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ESSENTIAL
LINUX COMMANDS
DBAs
Gökhan Atıl
GÖKHAN ATIL
➤ DBA Team Lead with 15+ years of experience
➤ Oracle ACE Director (2016)

ACE (2011)
➤ 10g/11g and R12 OCP
➤ ...
INTRODUCTION
➤ This session will cover only the tools shipped with Oracle
Enterprise Linux 7 (no external repositories req...
QUICK SYSTEM
HEALTH CHECK
USE (THE UTILIZATION SATURATION AND ERRORS) METHOD
➤ For every resource, check:
1. Utilization: busy time
2. Saturation: q...
UPTIME
➤ Average number of processes (runnable + uninterruptable)
for the past 1, 5 and 15 minutes.
➤ Check if load is hig...
FREE
➤ Displays the total amount of free and used physical and swap
memory in the system, as well as the buffers and caches...
TOP
➤ The top utility provides the same information with “uptime”
and “free”, and it also shows who’s consuming CPU
➤ Shor...
TOP (CONT’D)
➤ us, user: time running un-niced user processes
➤ sy, system: time running kernel processes
➤ ni, nice: time...
TOP (CONT’D)
➤ PID: Process Id
➤ PR: The priority of the process. The highest priority is -20 and the lowest is 20.
➤ NI: ...
TOP (CONT’D)
➤ Press “f” key to modify visible columns and sort order
VMSTAT
➤ vmstat reports information about processes, memory, paging,
block IO, disks and CPU activity.
➤ The first line of ...
VMSTAT (CONT’D)
➤ if the r (number of runnable processes) is generally higher
than number of CPUs, there’s possible a CPU ...
IOSTAT
➤ iostat shows CPU and I/O statistics for devices and partitions.
iostat -x 1 100
➤ avgqu-sz: The average queue len...
MPSTAT
➤ mpstat command reports activities for each available
processor,
mpstat -P ALL 1 100
➤ Check for an imbalance. If ...
PIDSTAT
➤ pidstat reports statistics for Linux tasks.
pidstat 1 100
pidstat -d 1 100
SAR (SYSTEM ACTIVITY REPORT)
➤ sar displays CPU, memory, disk I/O, and network usage, both
current and historical.
➤ It us...
SAR (CONT’D)
➤ sar can be used like mpstat:
sar -P ALL 1 100
sar P ALL -f /var/log/sa/sa16
SAR (CONT’D)
➤ sar can be used like iostat:
sar -p -d 1 100
Device names may also be pretty-printed if option -p is used
SAR (CONT’D)
➤ You can use sar to check network load and errors.
sar -n DEV,EDEV 1 100
➤ Possible keywords: DEV, EDEV, NFS...
DMESG
➤ dmesg is used to examine the kernel ring buffer. It’s a good
place to start checking if there’s any error on the sy...
TRACING &
PROFILERS
PERF
➤ perf is a performance analyzing tool in Linux, available from
Linux kernel version 2.6.31.
perf record -p XXXX slee...
PERF (CONT’D)
➤ Sample output of the perf report:
STRACE
➤ strace records the system calls and the signals received by a
process.
-p: attach a process
-e trace=file,process,...
STRACE
➤ Sample output of strace (tracing oracle log writer):
strace -tt -e trace=ipc -p 3582
LTRACE
➤ ltrace records the dynamic library calls and the signals received by
a process.
➤ Its use is very similar to stra...
LTRACE
➤ Sample output of ltrace (tracing oracle log writer):
ltrace -tt -e pwrite64 -p 3582
ls -l /proc/3582/fd/25[89]
PSTACK
➤ pstack attaches to an active process and prints out an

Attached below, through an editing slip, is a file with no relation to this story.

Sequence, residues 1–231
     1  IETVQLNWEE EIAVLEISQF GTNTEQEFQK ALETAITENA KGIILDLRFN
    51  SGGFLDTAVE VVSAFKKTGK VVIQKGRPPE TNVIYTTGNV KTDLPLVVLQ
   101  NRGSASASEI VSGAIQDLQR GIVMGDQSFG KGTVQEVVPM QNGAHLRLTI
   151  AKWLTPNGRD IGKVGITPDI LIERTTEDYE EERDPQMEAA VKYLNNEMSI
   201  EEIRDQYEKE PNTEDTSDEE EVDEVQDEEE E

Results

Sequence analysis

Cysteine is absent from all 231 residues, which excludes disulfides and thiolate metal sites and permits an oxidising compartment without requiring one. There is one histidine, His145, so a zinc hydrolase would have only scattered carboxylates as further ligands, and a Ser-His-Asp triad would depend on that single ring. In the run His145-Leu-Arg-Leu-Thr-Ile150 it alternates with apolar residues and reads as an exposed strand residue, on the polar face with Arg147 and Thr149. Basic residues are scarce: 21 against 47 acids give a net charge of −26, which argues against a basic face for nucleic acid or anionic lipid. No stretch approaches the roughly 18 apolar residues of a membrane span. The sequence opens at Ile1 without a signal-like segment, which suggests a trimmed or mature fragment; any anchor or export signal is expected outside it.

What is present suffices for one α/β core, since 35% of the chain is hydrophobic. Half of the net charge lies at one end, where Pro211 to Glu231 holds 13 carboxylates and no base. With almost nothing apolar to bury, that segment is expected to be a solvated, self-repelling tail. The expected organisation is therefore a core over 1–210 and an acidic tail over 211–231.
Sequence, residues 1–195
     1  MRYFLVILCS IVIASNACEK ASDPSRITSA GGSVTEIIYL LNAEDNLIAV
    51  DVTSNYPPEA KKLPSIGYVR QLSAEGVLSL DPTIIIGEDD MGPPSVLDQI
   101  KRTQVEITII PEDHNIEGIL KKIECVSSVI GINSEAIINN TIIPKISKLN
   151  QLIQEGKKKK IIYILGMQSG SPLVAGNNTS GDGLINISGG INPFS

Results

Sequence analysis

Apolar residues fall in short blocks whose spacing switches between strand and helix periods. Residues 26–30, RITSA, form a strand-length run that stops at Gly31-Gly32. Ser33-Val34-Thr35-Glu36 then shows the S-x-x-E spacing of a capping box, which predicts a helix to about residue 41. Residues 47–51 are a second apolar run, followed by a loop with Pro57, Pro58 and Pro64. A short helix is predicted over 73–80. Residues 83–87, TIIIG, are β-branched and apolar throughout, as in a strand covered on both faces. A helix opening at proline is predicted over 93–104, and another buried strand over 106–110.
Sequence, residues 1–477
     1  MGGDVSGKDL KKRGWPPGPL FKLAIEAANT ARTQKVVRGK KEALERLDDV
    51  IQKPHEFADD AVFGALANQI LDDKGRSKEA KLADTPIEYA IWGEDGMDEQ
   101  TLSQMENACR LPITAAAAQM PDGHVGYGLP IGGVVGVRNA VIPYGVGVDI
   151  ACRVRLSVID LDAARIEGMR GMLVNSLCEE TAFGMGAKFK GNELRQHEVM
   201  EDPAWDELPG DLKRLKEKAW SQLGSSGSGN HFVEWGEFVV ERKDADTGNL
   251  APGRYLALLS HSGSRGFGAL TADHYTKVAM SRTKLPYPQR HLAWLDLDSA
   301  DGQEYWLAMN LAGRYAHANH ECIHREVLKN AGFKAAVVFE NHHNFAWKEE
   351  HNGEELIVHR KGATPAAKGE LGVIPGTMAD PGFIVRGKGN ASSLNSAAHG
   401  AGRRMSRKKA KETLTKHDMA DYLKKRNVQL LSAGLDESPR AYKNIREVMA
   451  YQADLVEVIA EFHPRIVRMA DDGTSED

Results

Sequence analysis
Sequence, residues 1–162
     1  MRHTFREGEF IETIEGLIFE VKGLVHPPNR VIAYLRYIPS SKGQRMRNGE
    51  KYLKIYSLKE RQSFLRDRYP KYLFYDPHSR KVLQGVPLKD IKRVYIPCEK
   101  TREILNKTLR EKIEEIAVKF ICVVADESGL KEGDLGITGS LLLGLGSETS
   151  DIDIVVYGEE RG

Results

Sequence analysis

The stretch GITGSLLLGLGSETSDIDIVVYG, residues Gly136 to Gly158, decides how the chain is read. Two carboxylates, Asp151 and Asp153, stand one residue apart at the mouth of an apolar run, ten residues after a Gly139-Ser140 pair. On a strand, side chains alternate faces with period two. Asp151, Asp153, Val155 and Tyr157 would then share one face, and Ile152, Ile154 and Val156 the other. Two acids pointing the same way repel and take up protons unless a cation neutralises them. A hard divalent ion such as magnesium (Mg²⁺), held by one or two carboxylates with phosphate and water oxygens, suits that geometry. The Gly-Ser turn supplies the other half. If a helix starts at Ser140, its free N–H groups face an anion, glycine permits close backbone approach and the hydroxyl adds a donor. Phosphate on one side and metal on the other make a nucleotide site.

execution stack trace.
➤ You may want to check Tanel Poder...
OTHER
USEFUL
STUFF
FILE
➤ file tool is used to determine file type.
file sqplus oracle dbca
➤ It uses magic signature file in /usr/share/misc/mag...
DD
➤ dd can copy from a file/device to another file/device.
➤ Becareful about “conv” parameter. It should be set to
“notrunc...
HEXDUMP
➤ hexdump displays file contents in hexadecimal, ascii, decimal
or octal.
dd if=datafile.dbf bs=8k skip=1 count=1 | ...
STRINGS
➤ strings prints the printable characters in files.
strings dbv
FUSER
➤ fuser displays the PIDs of processes using the specified files
or file systems.
fuser -u *
➤ fuser can also send sign...
LSOF
➤ lsof lists all open files belonging to all active processes.
lsof *
➤ you can list all open files belong to a user:
l...
IPCS
➤ ipcs provides information on the inter-process communication
facilities such as shared memory segments, semaphore s...
LDD
➤ ldd prints the shared libraries required by each program or
shared library specified on the command line.
ldd program...
THANK YOU FOR ATTENDING! 

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Essential Linux Commands for DBAs

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Essential linux commands for DBAs

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Essential Linux Commands for DBAs

  1. 1. ESSENTIAL LINUX COMMANDS DBAs Gökhan Atıl
  2. 2. GÖKHAN ATIL ➤ DBA Team Lead with 15+ years of experience ➤ Oracle ACE Director (2016)
 ACE (2011) ➤ 10g/11g and R12 OCP ➤ Founding Member and Vice President of TROUG ➤ Co-author of Expert Oracle Enterprise Manager 12c ➤ Blogger (since 2008) gokhanatil.com ➤ Twitter: @gokhanatil 2
  3. 3. INTRODUCTION ➤ This session will cover only the tools shipped with Oracle Enterprise Linux 7 (no external repositories required). ➤ Power user tools / “root” privileges are not required. ➤ There are three main sections: ➤ Quick System Health Check (USE Method) ➤ Profilers & Tracing ➤ Other Useful Stuff
  4. 4. QUICK SYSTEM HEALTH CHECK
  5. 5. USE (THE UTILIZATION SATURATION AND ERRORS) METHOD ➤ For every resource, check: 1. Utilization: busy time 2. Saturation: queue length or queued time 3. Errors ➤ You may check Brendan Gregg’s website: 
 http://www.brendangregg.com/usemethod.html RESOURCE UTILIZATION (%) Saturation Errors o o x o x o CPU RAM Storage Network
  6. 6. UPTIME ➤ Average number of processes (runnable + uninterruptable) for the past 1, 5 and 15 minutes. ➤ Check if load is higher than CPU count. ➤ Useful to see the trend of “load”. 0 1 2 3 4
  7. 7. FREE ➤ Displays the total amount of free and used physical and swap memory in the system, as well as the buffers and caches used by the kernel. ➤ Check available memory and swap usage ➤ Information is gathered by parsing /proc/meminfo
  8. 8. TOP ➤ The top utility provides the same information with “uptime” and “free”, and it also shows who’s consuming CPU ➤ Short-lived processes can be missing entirely!